/ Design

Building Better Brands: Branding for start-ups

Last week, I laid out a few ideas around building a successful and impactful modern brand – the key point being that your brand should be flexible, scalable, honest and unique to your company (and people).

If you want to go back here are my previous posts:

Over the next few posts I want to talk about how to now apply this to a start up ✌️


The importance of brand and design

First off, design is important. More so than ever before. People actually care what their software looks like, and a software that has great features may lose to one that has slightly less but just looks and feels better to use. At Tability, we often get compliments on our  design - mostly people impressed that could do so much with just the two of us.

For a start up, the biggest value that design can bring is just that. It helps you look legitimate, stand out, and punch above your weight class. It could take a while to see the value in your product, but only takes one moment to make a judgement on how somethings looks or feels. At our stage, we compete with companies that have more cash, more customers, and more hands on deck. So it's important to us that when someone stumbles on our website that it's not obvious that we're scrappy.


Start with your story

As much as it's important to look good, it has to come from a genuine place.

It's easy to think of logos, colors, mascots and web designs as the first thing when thinking brand. Don't do this. It doesn't matter what others cool designs there are, what your competitors are doing that's great, or what you think is cool. When you brand yourself, dig deep into what your company story is, and start there.

At Tability, we started by laying these ideas out in our about page.

Brand is nothing more than that – your company story. It's an umbrella term for all the things that collectively tell people what you do, where you come from, and what you stand for. It's important to know what your company mission is when you start to brand – in fact that's the most important thing.

As a start up knowing and understanding your story deeply is really important, not only to brand but in having a successful start up as well. Having examined your story, you know why you decided to start this company and why your product is important. These are the types of ideas that make you unique and give you a story to tell to begin with.

Now write, write, write! Write all about what you think your company stands for, then let's break it down.

Company Values to Brand Values

Once you've explored your story and your values, translate them into story telling themes that you want to come across in all your work.

For us it looked like this:

We wrote pages and pages about what all these things mean to us. The Brand Themes (bottom row) that we finally landed on are the key ideas we thought were important in telling our side of the Focus and Accountability story.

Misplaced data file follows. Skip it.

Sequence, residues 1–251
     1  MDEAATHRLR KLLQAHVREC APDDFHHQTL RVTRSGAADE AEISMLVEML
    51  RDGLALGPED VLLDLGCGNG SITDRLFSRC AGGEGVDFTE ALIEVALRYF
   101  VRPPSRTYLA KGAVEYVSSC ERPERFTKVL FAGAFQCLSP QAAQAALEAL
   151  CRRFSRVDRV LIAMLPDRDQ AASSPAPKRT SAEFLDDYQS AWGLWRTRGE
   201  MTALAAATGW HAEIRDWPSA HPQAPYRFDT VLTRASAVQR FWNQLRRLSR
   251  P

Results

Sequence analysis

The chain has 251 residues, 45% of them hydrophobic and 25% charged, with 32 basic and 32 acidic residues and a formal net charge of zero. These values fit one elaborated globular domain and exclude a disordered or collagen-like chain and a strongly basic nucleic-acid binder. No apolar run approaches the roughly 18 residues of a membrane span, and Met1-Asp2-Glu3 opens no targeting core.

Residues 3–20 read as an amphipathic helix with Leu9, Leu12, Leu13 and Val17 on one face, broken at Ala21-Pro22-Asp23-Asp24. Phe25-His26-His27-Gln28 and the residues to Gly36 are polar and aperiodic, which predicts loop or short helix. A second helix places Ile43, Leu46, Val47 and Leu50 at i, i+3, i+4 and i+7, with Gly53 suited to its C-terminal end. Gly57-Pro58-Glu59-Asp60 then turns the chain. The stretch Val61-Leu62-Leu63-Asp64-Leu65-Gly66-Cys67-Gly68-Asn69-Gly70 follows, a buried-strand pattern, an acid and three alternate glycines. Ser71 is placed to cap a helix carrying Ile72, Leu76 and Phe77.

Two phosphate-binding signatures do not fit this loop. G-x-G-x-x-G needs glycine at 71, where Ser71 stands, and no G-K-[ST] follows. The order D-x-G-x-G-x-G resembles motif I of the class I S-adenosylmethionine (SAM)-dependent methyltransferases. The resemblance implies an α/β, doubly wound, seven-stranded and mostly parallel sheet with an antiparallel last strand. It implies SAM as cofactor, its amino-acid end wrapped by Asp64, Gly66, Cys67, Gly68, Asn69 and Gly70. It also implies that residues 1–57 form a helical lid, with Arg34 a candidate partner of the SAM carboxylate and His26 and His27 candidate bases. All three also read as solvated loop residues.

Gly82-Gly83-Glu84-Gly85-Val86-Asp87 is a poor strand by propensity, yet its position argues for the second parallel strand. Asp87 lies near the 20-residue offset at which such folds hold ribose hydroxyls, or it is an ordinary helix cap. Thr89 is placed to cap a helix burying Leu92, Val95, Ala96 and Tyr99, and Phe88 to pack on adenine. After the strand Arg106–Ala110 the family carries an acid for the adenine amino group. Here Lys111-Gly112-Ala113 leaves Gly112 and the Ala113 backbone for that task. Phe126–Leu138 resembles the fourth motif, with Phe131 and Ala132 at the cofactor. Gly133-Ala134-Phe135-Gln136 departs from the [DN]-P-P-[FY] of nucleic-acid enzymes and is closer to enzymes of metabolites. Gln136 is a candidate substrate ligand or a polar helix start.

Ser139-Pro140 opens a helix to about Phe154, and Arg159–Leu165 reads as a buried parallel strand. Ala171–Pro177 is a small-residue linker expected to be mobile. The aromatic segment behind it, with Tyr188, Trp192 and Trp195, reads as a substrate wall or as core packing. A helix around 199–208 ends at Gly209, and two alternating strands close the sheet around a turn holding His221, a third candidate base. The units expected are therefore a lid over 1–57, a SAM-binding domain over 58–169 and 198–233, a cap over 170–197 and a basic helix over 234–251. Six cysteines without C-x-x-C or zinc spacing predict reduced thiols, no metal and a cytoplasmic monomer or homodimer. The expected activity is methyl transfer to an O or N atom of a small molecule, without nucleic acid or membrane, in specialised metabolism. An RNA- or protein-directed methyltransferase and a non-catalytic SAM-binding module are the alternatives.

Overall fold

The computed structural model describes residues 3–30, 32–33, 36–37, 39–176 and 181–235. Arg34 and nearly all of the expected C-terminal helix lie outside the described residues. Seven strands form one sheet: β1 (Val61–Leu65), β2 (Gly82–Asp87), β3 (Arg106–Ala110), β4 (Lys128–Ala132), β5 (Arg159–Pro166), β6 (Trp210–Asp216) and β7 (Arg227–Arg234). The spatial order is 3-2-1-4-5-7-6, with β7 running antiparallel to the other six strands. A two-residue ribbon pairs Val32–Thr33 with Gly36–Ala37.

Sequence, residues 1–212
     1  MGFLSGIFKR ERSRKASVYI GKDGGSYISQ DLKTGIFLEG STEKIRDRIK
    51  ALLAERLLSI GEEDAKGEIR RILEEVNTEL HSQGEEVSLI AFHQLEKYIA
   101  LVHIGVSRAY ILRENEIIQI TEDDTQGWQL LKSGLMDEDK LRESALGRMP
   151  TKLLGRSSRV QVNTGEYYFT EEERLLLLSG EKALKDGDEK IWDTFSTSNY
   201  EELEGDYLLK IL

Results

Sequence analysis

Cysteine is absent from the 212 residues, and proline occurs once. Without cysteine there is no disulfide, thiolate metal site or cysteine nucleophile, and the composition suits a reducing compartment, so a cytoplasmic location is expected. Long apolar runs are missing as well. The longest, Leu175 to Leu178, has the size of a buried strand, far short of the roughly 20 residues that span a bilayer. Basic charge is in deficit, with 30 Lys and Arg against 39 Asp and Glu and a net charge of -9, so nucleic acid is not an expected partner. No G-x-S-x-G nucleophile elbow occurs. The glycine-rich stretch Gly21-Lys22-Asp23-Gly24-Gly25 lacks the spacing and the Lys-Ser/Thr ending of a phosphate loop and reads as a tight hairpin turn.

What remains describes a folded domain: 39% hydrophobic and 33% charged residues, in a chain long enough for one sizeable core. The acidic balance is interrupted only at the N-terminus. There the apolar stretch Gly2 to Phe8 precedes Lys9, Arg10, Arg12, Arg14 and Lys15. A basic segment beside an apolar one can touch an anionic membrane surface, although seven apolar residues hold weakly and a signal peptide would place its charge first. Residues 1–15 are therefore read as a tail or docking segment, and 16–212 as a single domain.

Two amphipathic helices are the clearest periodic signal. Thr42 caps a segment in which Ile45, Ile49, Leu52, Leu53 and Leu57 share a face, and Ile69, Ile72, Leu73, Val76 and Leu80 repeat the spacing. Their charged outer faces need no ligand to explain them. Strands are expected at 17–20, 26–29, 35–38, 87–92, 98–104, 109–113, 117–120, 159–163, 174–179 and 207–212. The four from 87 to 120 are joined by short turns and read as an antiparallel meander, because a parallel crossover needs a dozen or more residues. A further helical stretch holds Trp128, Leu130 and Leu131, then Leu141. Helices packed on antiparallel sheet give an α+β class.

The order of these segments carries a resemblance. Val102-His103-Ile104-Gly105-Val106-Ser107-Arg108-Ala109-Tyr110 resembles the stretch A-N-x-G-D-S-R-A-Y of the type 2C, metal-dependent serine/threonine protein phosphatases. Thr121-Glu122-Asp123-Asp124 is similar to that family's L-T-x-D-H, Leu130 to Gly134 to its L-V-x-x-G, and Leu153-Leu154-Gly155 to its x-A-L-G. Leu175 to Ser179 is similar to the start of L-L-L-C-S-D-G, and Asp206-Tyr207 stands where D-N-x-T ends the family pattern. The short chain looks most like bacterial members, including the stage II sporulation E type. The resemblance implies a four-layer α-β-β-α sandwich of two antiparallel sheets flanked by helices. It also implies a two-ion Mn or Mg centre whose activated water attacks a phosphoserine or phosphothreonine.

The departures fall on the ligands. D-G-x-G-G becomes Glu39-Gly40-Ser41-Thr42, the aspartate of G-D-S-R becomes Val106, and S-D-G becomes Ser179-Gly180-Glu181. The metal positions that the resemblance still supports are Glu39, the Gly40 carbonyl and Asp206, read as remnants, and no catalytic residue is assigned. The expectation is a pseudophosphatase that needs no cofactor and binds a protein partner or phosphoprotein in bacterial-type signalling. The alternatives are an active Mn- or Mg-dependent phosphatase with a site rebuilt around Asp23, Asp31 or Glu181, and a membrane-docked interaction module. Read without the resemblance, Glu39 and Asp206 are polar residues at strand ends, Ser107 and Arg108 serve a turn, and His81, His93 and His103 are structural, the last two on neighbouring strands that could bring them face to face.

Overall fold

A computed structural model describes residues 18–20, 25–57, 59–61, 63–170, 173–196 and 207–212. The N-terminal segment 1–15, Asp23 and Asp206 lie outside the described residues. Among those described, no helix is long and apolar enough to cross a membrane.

For example this is what we wrote about Balance:

Collaboration demands balance. It provides trust, stability, and belonging. Teamwork is being inspired by the people around you and knowing that they have your back if you fall short. It's clarity in knowing where people need help, and also being able to celebrate each others successes. A healthy company requires balance in power, balance in diversity, and balance in the way they work together. Everybody needs to practice healthy work-life balance to maintain their own happiness and bring their best self to work.

Accountability is not about being watched or micromanaged, but about being an essential piece of the puzzle. We want to empower people through knowing their place and giving them stable footing in the work they can be proud of.

By having these three themes to work with, we can always lean on one of them to help drive a story and keep it always relevant to the message above. Balance, Clarity, and Comfort give us tangible themes that we can also produce visually in many unique ways.

Getting visual

From here we used our themes to try and pick out how it can be illustrated in a visual way. I prefer to create a mood board on Pinterest, collecting illustrations, words, photos that we can tie to all the themes that relate to us uniquely.

Here's what ours looked like:

Now an important part of this process to understand is that we're not merely ripping off all these artists. Don't focus too much on a singular piece, but collect a lot of images and think of it as a whole. The compilation of the images creates a whole new image and meaning and that's what will start to look like something you can use to represent YOU.


Have fun with it

As a start up this is all you need to get started with your branding. You now have the core messaging, the themes to tell your story, and visual values that you can use to help illustrate it. As a start up you're not going to need to build a detailed brand guideline – you probably don't have the volume of work to need it yet.

Your primary advantage as a start up is the ability to move flexibly and build quickly. Having too many brand guidelines at this point will only slow you down. So take the ideas laid out above and explore the creative side of your company. Let it flow! Play around! Things will always change as you grow and evolve as a company, but the foundation you build in this time will inform the future and help you grow something authentic and unique to you.

In my next post I'll go into a few simple brand assets you can put together to help you keep your work consistent and maintain flexibility 🎨